Reviews written by registered user
|30 reviews in total|
What could have been an enthralling biopic of the rough career and personal life of troubled porn star turned woman's activist Linda "Lovelace" Boreman, is instead a disappointing melodramatic mess. I could just take the easiest criticism and say that P.T. Anderson's "Boogie Nights" told this story the best and sets the bar for any other variation of it after it, but the story of Linda Lovelace is much more complex and tragic than that of John Holmes. She came from mutilation, embarrassment and abuse. Lovelace never intended on getting into a career of selling skin, and this film, to a certain degree, shows her innocence. But when it comes to documenting the toll that "Deep Throat" took on her life, the movie simply cops out. Amanda Seyfried is a lovely woman and a very talented actress, and I think she gave her best effort in playing Lovelace. Its everything else that doesn't work. Peter Sarsgaard's performance of Chuck Traynor is extremely weak. In real life, Chuck was man described as a monster who would constantly threaten Linda's life if she refused his orders. You would think that in order to match the reality, you would hire an actor that can capture rage in order to make the audience detest or fear him (ex, Leonardo DiCaprio). Such is not the case here. Chuck is portrayed as a soft-spoken dummy, conveying absolutely no genuine emotion in any of his actions. Considering Chuck played a huge part in the film's narrative, that really hurts the picture. The turbulent making of "Deep Throat" and its phenomenal success is also widely ignored and weakly executed. It feels like the film was simply rushed in and out of production and just slapped together for the final product. Nothing really feels genuine in any section of the film whatsoever. Bottom line, I have to unfortunately tell you to skip this film.
Punch-Drunk Love is an effectively emotional film that brings an urgency to the meaning of romance in our lives. This is not your typical Adam Sandler movie. Oh no, this is a masterpiece. Here, he abandons his grating buffoon charade that bludgeons his career and instead plays a profound and tortured man who suffers all the hallmarks of Aspergers. He spends his days hiding from the world in a lonely garage, and dealing with the constant bullying of his psychotic sisters. When one of them hooks him up with a shy British woman, he falls madly in love, but only after he convinces her just how much of a beautiful man he really is. This story is so touching, it brings a tear to my eye. Theirs is a love so unique, so taboo, so justifiably beautiful. P.T. Anderson really pins down controversial subjects, but even a narrative as simple as a love story can he really bring his all to. It's a truly magnificent picture.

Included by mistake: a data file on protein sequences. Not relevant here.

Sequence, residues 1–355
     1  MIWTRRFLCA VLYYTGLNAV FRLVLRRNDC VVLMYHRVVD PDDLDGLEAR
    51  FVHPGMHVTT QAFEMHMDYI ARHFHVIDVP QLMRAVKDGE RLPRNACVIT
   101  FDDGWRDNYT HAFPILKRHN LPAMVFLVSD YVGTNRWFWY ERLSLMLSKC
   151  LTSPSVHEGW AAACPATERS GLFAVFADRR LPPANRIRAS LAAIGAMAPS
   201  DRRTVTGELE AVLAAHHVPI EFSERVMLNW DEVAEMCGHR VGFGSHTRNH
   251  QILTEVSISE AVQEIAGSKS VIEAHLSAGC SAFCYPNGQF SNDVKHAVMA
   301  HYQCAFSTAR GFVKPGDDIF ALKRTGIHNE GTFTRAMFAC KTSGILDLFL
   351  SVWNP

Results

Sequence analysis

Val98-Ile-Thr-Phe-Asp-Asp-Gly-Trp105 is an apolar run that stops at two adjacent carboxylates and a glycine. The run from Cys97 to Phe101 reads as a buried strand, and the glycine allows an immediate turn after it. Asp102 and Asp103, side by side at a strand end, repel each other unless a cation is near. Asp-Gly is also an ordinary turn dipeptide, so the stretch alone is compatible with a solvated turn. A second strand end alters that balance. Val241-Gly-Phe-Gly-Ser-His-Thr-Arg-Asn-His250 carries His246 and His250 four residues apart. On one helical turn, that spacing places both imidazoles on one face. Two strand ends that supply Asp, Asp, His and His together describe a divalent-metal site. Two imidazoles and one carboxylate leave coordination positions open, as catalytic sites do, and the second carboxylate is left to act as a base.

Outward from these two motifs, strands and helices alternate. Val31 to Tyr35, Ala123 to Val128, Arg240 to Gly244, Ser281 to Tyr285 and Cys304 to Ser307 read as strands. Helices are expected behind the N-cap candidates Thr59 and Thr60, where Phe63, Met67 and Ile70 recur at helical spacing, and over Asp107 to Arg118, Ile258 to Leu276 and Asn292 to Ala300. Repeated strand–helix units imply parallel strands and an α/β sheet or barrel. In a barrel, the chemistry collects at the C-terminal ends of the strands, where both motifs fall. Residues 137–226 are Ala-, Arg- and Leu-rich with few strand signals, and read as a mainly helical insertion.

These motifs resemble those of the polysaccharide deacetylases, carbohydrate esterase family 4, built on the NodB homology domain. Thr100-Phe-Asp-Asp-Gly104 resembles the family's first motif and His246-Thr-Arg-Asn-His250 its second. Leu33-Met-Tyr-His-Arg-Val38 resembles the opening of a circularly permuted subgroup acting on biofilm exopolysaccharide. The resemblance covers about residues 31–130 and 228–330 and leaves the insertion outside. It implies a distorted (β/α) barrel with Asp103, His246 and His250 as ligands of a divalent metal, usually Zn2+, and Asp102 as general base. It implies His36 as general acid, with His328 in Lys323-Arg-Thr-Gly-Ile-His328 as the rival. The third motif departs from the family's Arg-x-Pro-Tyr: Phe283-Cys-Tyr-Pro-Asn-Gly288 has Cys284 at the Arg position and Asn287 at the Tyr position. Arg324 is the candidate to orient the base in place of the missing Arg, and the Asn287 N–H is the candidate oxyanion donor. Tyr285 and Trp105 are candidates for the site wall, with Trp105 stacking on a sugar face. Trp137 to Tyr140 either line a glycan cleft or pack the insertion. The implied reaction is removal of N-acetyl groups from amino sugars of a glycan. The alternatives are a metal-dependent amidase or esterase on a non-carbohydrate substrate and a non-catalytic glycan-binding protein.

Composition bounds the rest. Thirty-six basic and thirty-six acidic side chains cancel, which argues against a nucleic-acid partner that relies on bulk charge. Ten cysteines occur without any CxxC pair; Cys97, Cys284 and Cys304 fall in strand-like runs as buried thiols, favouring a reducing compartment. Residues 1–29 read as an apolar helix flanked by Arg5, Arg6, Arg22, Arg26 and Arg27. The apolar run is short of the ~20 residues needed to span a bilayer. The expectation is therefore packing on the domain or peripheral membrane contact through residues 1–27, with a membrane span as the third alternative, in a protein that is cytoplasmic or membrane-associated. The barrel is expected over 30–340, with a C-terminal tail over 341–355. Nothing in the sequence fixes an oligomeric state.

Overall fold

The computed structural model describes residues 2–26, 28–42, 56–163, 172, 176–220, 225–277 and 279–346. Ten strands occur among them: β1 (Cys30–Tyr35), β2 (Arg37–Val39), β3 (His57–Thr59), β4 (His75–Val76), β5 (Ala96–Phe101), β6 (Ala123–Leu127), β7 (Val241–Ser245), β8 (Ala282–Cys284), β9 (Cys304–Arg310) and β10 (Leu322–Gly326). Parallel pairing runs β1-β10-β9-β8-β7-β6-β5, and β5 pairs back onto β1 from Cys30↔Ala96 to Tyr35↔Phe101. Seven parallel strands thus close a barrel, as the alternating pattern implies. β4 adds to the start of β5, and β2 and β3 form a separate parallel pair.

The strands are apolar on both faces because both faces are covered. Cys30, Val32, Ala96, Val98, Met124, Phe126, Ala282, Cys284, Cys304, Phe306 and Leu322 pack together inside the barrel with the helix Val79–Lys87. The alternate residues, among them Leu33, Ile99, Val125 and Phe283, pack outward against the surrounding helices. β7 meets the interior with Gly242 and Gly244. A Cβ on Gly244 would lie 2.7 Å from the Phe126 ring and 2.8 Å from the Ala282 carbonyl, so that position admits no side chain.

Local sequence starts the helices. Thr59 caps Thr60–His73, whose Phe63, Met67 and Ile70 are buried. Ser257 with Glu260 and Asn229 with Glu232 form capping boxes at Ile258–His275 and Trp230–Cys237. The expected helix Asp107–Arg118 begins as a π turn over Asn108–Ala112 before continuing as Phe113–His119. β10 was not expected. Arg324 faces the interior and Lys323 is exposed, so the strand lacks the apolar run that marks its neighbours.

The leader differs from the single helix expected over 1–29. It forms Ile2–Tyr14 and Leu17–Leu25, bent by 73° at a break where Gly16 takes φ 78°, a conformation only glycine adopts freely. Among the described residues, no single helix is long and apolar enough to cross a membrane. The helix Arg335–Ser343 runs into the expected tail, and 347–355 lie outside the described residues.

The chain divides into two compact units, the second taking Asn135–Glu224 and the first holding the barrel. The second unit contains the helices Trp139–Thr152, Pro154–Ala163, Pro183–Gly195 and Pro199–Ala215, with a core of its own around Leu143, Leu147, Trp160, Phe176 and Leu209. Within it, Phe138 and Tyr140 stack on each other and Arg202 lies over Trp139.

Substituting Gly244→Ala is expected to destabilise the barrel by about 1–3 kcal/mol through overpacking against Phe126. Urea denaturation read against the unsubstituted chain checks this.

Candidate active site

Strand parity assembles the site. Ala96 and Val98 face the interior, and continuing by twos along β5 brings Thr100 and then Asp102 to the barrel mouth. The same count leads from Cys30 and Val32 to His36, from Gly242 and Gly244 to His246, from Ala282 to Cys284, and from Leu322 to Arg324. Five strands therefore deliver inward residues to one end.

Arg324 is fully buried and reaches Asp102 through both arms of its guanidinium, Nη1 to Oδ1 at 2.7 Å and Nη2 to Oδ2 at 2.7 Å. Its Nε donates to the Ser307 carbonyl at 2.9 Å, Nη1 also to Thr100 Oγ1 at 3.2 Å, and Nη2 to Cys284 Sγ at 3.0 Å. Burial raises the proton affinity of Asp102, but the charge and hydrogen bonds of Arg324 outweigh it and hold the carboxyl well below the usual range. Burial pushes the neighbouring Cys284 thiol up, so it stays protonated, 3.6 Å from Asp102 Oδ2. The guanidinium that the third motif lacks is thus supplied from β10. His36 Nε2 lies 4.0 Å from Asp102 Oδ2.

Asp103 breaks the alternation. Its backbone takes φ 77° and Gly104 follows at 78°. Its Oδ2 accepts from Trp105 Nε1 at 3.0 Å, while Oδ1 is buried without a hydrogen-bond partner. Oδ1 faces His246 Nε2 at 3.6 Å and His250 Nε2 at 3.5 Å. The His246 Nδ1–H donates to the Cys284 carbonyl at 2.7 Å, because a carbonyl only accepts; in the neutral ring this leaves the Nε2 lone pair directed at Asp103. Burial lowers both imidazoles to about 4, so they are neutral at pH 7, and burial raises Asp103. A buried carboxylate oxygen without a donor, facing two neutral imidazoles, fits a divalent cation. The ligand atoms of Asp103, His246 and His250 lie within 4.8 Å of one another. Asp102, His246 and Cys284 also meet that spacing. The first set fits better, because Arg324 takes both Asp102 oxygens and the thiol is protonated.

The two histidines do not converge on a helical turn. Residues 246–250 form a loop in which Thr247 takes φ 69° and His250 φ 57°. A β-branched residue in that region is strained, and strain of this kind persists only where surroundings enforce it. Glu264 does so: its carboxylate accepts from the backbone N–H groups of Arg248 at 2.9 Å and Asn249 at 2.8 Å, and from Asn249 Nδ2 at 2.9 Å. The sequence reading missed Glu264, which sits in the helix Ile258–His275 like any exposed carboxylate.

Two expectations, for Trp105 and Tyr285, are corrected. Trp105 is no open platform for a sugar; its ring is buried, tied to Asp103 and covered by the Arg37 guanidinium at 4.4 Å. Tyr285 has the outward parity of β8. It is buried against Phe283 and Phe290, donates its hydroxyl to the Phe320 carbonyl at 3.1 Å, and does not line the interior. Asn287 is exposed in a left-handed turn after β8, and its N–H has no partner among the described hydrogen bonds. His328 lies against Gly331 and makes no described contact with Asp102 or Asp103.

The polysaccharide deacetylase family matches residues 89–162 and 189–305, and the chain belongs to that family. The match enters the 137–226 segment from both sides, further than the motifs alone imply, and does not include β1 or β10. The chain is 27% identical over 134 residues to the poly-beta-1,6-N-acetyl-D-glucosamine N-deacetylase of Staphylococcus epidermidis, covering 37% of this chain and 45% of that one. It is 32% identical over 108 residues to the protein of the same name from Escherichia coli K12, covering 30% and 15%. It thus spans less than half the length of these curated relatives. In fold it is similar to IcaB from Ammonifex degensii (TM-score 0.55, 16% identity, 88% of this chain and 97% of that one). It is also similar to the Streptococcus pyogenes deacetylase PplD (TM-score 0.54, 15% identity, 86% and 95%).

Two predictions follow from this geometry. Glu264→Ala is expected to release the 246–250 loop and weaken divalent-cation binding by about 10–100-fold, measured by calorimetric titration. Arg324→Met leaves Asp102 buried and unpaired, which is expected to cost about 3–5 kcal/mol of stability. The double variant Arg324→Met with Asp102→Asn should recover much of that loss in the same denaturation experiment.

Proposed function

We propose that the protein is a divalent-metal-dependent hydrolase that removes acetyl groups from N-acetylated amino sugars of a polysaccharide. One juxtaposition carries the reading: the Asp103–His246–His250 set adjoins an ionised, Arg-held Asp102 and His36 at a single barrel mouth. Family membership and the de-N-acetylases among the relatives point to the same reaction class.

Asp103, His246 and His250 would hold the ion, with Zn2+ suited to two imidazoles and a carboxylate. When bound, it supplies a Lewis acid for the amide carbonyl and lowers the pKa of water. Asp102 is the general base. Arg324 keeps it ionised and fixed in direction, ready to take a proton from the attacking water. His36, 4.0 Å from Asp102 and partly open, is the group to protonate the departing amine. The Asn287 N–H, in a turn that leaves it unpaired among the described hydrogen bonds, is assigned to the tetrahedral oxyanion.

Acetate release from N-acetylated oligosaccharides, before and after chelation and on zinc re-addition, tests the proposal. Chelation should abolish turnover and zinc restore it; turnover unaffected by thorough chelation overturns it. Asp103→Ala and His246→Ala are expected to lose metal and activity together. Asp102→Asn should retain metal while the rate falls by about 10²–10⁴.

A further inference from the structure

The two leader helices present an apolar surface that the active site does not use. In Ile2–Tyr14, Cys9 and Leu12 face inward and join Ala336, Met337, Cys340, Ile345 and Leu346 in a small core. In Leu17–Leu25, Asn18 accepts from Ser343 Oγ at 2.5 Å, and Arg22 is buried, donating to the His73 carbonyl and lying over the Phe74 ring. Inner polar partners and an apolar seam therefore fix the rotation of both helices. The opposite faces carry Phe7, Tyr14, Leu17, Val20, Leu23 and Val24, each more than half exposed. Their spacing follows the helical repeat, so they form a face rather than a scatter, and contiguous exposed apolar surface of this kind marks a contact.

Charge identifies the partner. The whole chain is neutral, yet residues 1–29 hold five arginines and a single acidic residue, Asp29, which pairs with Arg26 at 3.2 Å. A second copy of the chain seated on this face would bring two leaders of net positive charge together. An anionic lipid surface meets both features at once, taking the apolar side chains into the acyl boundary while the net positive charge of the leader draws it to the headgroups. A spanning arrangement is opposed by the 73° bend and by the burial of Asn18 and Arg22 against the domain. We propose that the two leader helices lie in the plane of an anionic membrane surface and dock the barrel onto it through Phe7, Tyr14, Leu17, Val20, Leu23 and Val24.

Make no mistake about it, this is NOT your typical AIDS movie. Those of you who are all caught up with that hype should just stop reading and go somewhere else. Dallas Buyers Club is a deeply upsetting but masterfully crafted piece of genius filmmaking. I have never felt so sorry for any movie character quite like Ron Woodroof. He's a flawed cowboy who's made a few too many mistakes that ends up putting his health in fatal jeopardy. The odds are not in his favor, but he has time to kill, and he makes up for it by selling an illegal drug that prolongs the lifespan of the average AIDS patient. Enter, the Dallas Buyers Club. His partner is crime is a transsexual named Rayon played by Jared Leto, who flirts his life away, but all in hopes of becoming a beautiful woman. The fact is, McConaughey and Leto give the performances of their lifetime. While I don't think this was the movie that deserved their Oscar, I can proudly say that it is the best performances they've done to date and that is deserving enough of the award. The story is also very engaging, fueled with Jean-Marc Valee's unprecedented direction. He's practically the next Darren Aronofsky. This is an urgent, meaningful movie and It deserves your time in watching it.